In a bid to save £6 million a year Defence chiefs are considering scrapping the operational allowance given to the hundreds of troops supporting Iraqi forces fighting Islamic State in Iraq.
Ministers have been asked to review the allowance — a bonus of £29 for every day spent away from home — because the deployment to Iraq might no longer meet the “risk and rigour” required to justify being paid the cash.
The ‘Operational Allowance’ is based on a daily rate but is paid as a lump sum at the end of the period of duty in the Specified Operational Location (SOL); it was introduced in 2006 by Tony Blair’s government to support soldiers fighting in the wars in Iraq and Afghanistan.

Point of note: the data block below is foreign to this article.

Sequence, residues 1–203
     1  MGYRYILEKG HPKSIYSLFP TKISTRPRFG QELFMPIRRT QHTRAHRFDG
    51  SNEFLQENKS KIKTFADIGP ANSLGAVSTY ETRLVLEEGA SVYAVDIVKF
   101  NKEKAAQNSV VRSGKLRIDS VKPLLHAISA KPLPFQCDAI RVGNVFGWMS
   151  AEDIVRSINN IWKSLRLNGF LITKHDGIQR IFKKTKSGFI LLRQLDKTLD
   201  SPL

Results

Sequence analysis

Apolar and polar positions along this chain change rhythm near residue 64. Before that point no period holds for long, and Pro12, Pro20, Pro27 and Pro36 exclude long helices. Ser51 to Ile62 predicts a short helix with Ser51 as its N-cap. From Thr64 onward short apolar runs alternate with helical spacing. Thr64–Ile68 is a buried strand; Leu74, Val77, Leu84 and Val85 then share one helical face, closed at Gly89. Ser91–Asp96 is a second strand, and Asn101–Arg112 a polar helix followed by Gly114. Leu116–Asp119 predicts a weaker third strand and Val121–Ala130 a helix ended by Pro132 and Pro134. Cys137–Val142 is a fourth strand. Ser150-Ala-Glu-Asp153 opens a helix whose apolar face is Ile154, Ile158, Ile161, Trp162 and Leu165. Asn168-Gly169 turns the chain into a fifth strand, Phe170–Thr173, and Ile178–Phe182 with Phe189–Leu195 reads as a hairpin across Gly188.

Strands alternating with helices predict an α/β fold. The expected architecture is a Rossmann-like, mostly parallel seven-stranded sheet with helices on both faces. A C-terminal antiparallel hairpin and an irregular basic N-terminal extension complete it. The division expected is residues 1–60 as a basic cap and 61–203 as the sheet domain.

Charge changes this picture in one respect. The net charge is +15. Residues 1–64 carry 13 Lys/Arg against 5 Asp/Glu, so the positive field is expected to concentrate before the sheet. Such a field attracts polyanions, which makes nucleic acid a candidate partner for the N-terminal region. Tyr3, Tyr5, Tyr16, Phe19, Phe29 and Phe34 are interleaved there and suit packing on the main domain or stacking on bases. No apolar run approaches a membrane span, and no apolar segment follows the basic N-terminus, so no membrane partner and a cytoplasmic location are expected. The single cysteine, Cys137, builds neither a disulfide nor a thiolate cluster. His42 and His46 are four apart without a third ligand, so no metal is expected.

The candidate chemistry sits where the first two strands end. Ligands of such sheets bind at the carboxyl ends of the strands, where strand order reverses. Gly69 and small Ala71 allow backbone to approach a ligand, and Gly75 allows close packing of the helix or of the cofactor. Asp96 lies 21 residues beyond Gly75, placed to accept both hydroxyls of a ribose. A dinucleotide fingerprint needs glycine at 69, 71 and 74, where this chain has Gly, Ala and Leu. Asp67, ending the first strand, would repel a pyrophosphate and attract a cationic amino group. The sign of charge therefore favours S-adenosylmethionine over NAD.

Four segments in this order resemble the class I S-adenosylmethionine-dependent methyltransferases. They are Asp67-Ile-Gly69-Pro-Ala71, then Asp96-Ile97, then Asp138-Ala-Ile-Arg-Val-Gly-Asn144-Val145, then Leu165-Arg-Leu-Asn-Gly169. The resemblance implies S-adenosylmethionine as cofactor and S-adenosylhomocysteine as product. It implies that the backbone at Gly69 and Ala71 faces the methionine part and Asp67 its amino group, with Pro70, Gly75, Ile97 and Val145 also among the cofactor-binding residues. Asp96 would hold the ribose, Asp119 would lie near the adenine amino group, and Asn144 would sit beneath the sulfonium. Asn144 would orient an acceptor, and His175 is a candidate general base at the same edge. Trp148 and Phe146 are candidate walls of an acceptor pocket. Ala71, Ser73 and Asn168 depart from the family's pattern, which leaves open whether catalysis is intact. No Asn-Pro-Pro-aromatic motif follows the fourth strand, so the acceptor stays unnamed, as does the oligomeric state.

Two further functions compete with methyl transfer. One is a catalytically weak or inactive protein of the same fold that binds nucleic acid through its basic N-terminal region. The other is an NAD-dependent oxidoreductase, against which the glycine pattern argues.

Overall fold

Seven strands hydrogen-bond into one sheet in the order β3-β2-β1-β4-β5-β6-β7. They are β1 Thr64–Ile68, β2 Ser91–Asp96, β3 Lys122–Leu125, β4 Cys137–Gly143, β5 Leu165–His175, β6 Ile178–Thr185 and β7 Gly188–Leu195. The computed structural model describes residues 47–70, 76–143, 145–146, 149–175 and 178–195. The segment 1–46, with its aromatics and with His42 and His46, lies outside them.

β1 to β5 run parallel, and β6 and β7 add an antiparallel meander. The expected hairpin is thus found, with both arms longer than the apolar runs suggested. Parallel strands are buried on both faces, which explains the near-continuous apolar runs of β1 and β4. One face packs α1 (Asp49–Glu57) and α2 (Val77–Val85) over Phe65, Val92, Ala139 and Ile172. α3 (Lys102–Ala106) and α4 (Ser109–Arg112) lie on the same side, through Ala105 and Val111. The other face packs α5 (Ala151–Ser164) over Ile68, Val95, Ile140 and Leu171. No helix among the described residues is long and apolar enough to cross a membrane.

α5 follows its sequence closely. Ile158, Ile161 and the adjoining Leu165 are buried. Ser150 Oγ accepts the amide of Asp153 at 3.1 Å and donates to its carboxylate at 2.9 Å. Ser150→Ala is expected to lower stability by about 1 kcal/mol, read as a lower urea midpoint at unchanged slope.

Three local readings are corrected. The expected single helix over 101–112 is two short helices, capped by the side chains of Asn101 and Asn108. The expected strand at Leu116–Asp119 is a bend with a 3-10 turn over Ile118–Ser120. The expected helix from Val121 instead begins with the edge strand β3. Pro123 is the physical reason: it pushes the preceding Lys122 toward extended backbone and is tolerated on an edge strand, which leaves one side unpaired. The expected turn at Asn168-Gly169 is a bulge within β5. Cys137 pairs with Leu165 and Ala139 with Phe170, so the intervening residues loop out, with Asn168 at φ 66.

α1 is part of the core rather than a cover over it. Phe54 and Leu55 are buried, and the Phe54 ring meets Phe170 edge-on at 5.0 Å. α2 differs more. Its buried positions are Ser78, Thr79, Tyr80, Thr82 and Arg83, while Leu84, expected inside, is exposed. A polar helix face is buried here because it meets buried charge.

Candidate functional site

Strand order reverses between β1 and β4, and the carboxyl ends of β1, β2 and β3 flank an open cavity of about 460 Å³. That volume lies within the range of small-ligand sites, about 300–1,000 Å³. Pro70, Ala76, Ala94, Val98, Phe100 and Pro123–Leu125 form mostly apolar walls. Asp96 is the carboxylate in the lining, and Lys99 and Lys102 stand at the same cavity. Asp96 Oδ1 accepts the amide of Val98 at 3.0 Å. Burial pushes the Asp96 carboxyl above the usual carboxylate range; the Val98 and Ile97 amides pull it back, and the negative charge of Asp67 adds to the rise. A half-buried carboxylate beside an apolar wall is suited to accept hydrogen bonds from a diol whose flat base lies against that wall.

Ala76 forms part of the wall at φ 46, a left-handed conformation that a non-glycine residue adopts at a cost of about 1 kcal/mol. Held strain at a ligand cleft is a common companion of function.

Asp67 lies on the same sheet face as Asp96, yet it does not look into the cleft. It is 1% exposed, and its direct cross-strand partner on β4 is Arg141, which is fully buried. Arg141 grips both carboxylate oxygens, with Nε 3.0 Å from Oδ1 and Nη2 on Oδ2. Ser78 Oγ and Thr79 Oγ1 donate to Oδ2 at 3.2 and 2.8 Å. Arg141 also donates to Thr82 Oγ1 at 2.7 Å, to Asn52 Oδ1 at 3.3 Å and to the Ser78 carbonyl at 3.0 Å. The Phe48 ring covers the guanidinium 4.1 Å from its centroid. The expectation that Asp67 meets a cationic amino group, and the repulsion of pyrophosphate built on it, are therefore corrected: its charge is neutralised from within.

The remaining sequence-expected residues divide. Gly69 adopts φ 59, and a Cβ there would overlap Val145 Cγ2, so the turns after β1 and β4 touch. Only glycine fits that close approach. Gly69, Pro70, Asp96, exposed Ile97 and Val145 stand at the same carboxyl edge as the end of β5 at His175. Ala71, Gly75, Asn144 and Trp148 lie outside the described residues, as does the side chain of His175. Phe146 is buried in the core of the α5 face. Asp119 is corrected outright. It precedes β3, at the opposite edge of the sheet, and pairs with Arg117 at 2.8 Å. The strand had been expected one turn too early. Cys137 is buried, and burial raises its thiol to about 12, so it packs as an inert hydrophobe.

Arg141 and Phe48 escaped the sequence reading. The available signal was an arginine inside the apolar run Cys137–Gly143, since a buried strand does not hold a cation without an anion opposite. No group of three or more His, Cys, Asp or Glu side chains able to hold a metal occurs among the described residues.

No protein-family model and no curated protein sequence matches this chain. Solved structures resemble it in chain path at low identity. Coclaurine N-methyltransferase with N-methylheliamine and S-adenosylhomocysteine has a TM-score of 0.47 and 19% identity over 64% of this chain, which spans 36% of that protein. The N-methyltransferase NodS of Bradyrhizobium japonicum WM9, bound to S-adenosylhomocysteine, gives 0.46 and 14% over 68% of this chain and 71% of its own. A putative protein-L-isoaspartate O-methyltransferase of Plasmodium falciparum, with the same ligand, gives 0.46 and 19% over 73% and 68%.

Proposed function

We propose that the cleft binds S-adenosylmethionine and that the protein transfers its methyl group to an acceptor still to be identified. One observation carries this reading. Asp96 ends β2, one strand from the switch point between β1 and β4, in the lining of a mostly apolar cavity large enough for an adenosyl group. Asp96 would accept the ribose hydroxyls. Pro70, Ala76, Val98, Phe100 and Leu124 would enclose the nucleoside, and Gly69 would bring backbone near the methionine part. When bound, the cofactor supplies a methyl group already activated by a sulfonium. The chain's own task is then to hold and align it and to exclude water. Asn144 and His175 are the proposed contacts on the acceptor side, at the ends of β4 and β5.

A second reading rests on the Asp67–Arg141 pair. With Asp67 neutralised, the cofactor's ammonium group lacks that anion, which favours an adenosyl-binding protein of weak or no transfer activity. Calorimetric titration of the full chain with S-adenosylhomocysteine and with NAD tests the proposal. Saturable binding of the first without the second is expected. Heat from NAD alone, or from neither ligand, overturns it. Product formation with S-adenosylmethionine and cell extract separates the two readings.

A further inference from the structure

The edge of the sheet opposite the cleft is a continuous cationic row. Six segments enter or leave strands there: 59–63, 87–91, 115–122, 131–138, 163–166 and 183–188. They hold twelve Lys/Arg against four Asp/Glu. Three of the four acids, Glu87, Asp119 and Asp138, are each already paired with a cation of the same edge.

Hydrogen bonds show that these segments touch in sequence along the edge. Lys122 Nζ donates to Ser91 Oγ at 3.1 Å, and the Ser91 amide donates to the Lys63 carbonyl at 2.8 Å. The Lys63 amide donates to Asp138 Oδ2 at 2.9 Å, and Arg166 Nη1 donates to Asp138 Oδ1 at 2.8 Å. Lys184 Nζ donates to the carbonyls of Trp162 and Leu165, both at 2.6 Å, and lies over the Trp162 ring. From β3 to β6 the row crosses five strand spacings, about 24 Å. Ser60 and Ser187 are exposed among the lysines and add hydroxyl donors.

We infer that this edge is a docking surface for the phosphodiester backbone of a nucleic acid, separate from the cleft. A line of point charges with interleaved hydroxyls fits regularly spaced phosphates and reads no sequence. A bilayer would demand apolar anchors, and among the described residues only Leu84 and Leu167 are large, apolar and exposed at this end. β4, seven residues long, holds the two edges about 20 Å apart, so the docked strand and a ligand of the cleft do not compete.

The tax-free lump sum of about £5,300 makes a big difference to the people who receive it, according to one former army officer. “When taken together with the multitude of other cuts, it will also contribute to the continued decline in the quality of our people as the totality of the military’s ‘offer’ lurches even further away from a fair balance.”
It is thought if agreed that the change will not come into effect for a year and the MoD have said that those troops deploying to Iraq in the near future will still receive the allowance.
MPs are due to focus on armed forces pay this week. Among the issues will be whether to lift a 1 per cent pay cap.